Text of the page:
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The Legal Angle

Sumathi Kasturi, criminal lawyer and a firebrand speaker delves into the intricacies of the legal system and stresses the need for an alternative redressal system to administer justice.

She also holds the distinction of representing India at the International Visitors Leadership Programme of the U.S. Department of Justice.

Determined with a steely resolve, Sumathi relates her tales of struggle during those early days and gives us a glimpse into women’s rights.
The evening light faded into oblivion as I walked into the neatly furnished flat. Comfortably seated on the sofa, I drift off into a reverie as Sumathi walks in briskly, bringing me crash-landing back to reality. Look at her and you instantly know that she is a woman of steel armed with a will of iron. A criminal lawyer by profession, Sumathi notices, “If you look at it, most crimes are associated with matrimony”.

While pursuing a Bachelor’s program in Economics at Ethiraj College for Women, Sumathi’s fascination for law was a result of constant interaction with law students during inter-collegiate events. “I felt that students from law colleges had a different perception of issues, which impressed me. I enrolled into the five year integrated course in Law at the Madras Law College. During that time, there was so much ambition because I would see great judges like T.S Arunachalam, M. Srinivasan and Govind Swaminathan in action. They were a great source of inspiration to students. I was very serious because I’ve always wanted to be a criminal lawyer”, she states, proudly.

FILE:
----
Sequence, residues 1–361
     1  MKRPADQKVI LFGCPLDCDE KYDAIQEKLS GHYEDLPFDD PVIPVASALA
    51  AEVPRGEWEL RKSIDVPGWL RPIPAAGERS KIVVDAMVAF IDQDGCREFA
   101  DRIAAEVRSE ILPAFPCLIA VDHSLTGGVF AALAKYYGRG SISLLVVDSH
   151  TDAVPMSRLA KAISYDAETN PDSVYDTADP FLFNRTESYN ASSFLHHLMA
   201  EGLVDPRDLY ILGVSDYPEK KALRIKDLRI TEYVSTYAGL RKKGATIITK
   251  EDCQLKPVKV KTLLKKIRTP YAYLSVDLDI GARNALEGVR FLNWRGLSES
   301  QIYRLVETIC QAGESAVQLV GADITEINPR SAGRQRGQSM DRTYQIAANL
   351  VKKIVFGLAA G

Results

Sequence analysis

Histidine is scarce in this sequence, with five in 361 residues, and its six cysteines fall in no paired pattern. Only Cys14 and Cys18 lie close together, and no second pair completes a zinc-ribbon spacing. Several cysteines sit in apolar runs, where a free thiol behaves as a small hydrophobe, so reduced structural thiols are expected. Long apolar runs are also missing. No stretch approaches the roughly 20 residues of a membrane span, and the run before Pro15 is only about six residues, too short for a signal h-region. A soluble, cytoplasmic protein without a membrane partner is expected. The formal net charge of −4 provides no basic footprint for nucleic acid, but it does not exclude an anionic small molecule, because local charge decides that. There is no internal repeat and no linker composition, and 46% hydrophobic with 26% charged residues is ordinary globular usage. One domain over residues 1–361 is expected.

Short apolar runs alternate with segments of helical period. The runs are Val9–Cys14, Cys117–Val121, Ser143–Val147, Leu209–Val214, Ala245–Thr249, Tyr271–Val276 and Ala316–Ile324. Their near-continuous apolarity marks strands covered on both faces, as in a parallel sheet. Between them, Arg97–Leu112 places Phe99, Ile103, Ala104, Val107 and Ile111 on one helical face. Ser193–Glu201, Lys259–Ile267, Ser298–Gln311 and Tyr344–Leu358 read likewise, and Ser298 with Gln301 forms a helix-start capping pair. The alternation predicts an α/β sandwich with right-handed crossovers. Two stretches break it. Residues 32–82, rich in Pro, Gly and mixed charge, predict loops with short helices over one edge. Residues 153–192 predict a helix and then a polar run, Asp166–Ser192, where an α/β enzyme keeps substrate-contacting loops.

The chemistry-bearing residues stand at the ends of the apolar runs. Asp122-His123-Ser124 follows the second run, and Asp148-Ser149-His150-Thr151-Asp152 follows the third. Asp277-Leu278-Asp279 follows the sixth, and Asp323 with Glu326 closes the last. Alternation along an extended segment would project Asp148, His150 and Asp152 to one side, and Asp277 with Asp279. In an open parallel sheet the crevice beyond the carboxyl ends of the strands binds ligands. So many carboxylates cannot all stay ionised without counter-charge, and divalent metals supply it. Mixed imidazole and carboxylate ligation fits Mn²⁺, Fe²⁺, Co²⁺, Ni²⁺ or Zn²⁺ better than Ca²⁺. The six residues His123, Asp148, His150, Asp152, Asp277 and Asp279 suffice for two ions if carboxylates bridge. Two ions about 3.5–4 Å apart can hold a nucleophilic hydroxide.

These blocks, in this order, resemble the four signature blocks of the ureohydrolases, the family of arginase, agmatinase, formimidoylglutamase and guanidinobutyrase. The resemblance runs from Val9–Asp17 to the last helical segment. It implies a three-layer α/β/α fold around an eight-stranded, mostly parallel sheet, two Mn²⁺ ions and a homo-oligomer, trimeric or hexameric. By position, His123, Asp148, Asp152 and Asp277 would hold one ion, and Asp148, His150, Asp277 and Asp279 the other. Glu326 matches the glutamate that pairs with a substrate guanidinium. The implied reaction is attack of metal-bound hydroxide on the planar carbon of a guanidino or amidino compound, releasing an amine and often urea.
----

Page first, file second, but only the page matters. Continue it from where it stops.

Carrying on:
Graduating at a time where women criminal lawyers were unheard of, Sumathi had decided to move on to move to the capital to pursue her career. But her determination convinced a senior advocate who gave her opportunity to perform. “In 1989, there were not many advocates who were willing to take women lawyers as the job involved interacting with the Police and the accused. Back then, the murder trials used to be very hardcore and intensely drastic. But looking at my determination, the senior advocate decided to give me a chance”, relates Sumathi, on a grateful note.

Sumathi’s first case was the trial of auto Shankar, a serial killer who was found guilty of six murders and was later given the death sentence. Needles to say, danger is a part of such a vocation. But, talk about interacting with criminals and the risk it brings, she replies nonchalantly, “Criminals are people who have been branded as dangerous. Nobody really knows the other side of the story. Though country has the best legal system, the volume of cases here is large. There are too many litigations and it’s difficult for most people to go through the rigmarole. There should be some sort of an alternative disposal system”.

To prove her point, Sumathi relates a case where 8 villagers were arrested after a mob trashed and burnt down another villager suspected of kidnapping children. “Recently, I did an appeal for these eight people and got them acquitted. This case was coming up after 13 years and during this period, the family of the accused goes through a lot of trauma. There must be a speedy remedy, especially in case of those charged with life sentences and matters of serious sort. It takes almost 14-15 long years just to know the outcome”, she says matter-of-factly.